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Summer Term 2023

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Summer Term 2023

  • June 1, 2023 / 12 noon 1:00 pm / D3.0.225
    Karin Thorburn (NHH Norwegian School of Economics)

  • April 12, 2023 / 12 noon 1:00 pm / D3.0.225
    Andras Danis / Paul Voss (Central European University)
    "Decoupling Voting and Cash Flow Rights", by Andras Danis, Andre Speit and Paul Voss

    Abstract:  The equity lending and option markets allow investors to decouple cash flow claims and voting rights of shares. Empirical studies show that the implied prices of voting rights differ substantially across these two markets. This paper provides a theoretical explanation for this puzzling finding: The price differential arises because the equity lending market allows activist investors to exploit coordination failures among shareholders more than the option market. Still, we show that activist investors may buy voting rights in both markets, despite endogenously lower prices in the equity lending market. Our results apply to any financial instrument used for decoupling.

  • March 23, 2023 / 1:00 - 2:00 pm / D3.0.225
    Sebastian Doerr (BIS (Bank of International Settlements))
    “Privacy regulation and fintech lending” with L. Gambacorta, L. Guiso and M. Sanchez del Villar

    Abstract: This paper studies how the California Consumer Privacy Act (CCPA), a privacy law that grants users control their data and assuages concerns over sharing it, affects lending markets. To guide our empirical analysis we build a model with banks and a fintech that use data to screen applicants. The fintech has a superior screening technology, but applicants dislike sharing their data with it. The model predicts that privacy regulation makes applicants more willing to share their data, so loan applications with the fintech increase. More data allow for better screening and enable the fintech to offer lower interest rates. We empirically show that the introduction of the CCPA increases mortgage applications with fintechs relative to banks in California. Consistent with applicants’ greater willingness to share data, fintechs make greater use of non-traditional data to improve screening. In turn, they deny more applications and offer more favourable rates.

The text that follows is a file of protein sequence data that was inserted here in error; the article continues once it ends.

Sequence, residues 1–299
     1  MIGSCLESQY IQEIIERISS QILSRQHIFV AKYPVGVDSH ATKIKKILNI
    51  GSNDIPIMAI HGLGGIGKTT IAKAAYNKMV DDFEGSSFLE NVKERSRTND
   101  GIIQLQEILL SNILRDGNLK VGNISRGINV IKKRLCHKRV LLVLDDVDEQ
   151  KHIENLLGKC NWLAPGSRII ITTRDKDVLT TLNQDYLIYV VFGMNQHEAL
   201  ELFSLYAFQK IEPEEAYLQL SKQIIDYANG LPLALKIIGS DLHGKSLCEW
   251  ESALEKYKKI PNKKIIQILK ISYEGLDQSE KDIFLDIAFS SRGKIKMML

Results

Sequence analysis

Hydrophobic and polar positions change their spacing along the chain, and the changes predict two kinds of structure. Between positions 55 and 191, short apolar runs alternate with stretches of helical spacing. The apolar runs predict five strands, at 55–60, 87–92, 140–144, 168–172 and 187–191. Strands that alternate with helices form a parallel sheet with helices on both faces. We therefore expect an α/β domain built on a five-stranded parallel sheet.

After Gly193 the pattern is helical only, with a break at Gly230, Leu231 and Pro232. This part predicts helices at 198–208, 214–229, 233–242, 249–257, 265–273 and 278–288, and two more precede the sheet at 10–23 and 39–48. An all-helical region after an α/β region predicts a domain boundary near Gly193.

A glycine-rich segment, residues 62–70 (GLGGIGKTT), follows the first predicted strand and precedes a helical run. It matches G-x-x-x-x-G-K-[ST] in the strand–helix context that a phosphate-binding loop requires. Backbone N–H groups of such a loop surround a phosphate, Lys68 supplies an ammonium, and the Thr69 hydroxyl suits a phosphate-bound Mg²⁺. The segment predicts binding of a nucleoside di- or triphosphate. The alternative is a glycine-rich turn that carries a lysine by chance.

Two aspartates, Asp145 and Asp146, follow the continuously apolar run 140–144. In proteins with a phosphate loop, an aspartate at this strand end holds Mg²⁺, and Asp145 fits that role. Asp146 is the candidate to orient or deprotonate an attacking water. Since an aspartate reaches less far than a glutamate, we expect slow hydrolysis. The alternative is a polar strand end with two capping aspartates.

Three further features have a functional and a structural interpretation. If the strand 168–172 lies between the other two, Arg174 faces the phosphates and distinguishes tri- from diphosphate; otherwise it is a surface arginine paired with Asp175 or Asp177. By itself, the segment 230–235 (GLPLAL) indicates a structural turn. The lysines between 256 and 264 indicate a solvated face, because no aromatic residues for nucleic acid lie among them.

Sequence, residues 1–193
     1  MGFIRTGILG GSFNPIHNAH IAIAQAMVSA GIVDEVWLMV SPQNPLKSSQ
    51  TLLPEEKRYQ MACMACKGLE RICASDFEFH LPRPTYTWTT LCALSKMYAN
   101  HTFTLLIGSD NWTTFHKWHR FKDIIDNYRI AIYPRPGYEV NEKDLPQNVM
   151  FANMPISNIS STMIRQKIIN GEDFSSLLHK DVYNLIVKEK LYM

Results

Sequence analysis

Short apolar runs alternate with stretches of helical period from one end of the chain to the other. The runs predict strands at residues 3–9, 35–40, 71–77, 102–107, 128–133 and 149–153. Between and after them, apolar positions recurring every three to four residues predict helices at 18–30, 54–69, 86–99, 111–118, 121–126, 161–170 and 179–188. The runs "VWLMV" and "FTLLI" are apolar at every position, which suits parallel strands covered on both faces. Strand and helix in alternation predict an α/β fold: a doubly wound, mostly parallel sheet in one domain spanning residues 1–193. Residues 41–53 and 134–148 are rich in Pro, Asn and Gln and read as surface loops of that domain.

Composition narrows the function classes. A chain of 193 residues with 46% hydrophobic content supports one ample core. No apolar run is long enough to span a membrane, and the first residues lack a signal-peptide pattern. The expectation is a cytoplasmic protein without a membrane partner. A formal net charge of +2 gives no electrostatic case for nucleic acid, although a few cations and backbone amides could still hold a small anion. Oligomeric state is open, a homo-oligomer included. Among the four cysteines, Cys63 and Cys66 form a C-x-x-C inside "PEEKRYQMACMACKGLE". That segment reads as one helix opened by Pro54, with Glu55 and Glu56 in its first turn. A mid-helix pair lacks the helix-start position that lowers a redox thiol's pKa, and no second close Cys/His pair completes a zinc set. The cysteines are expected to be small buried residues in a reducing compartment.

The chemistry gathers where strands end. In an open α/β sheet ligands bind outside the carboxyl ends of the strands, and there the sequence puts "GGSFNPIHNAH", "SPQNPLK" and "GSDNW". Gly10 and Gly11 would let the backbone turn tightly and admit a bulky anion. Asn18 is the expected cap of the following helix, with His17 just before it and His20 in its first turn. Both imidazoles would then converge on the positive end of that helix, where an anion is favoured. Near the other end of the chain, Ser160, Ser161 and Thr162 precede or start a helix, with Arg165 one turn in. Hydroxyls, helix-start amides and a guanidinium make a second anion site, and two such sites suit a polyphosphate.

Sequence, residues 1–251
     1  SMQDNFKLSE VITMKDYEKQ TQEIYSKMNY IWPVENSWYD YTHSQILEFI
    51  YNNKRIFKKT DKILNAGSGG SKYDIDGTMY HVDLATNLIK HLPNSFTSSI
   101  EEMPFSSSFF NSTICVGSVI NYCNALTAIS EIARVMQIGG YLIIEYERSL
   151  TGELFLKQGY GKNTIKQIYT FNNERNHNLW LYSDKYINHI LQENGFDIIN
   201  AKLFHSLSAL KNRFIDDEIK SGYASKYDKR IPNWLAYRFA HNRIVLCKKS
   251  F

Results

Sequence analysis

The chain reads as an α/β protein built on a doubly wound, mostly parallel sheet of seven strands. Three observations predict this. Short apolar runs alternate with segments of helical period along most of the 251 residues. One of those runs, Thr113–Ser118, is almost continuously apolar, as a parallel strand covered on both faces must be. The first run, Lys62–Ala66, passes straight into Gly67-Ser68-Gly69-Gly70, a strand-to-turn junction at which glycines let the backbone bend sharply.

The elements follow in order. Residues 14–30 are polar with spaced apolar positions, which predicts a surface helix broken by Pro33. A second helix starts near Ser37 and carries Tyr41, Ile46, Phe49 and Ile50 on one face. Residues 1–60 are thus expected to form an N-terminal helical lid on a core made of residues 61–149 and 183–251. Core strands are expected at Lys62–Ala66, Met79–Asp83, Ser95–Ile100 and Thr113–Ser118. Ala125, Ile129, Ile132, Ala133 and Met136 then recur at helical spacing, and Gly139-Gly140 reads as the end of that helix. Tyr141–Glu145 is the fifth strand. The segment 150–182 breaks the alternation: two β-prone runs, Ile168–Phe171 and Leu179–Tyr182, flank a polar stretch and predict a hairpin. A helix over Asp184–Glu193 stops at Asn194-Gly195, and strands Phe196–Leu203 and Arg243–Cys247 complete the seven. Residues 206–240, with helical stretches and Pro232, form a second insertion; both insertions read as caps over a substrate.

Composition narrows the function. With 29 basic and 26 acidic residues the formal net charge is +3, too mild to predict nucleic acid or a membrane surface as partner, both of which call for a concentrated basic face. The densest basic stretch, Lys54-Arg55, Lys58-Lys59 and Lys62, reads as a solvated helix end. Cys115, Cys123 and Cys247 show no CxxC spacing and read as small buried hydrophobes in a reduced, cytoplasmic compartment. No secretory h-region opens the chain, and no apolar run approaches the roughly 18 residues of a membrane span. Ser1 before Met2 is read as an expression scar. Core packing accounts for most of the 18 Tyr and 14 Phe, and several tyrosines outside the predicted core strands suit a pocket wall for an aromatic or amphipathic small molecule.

• March 16, 2023 / 1:00 - 2:00 pm / D3.0.225
    Stefano Carattini (Andrew Young School of Policy Studies, Georgia State University)

    “Climate policy uncertainty and firms’ and investors’ behavior”  

    Abstract: Climate change mitigation requires transitioning from a high- to a low-carbon economy. Over the last three decades, this transition has been far from linear, with periods of progress and setbacks. While climate policies have been the object of careful policy evaluation, firms and investors may need to react more often to climate policy uncertainty than actual climate policy. We develop a new index of climate policy uncertainty, covering the United States with monthly-level variation between 1990 and 2019. We analyze the relationship between climate policy uncertainty and firm-level outcomes such as stock returns, share price volatility, investment in research and development as well as patenting, capital expenditures, and employment for all publicly listed firms in the country. We find that climate policy uncertainty tends to considerably affect these outcomes, and often more so than existing indices of economic policy uncertainty. The direction of the uncertainty matters as well, as measured by sub-indices capturing whether the uncertainty reflects potential acceleration or deceleration in climate policymaking.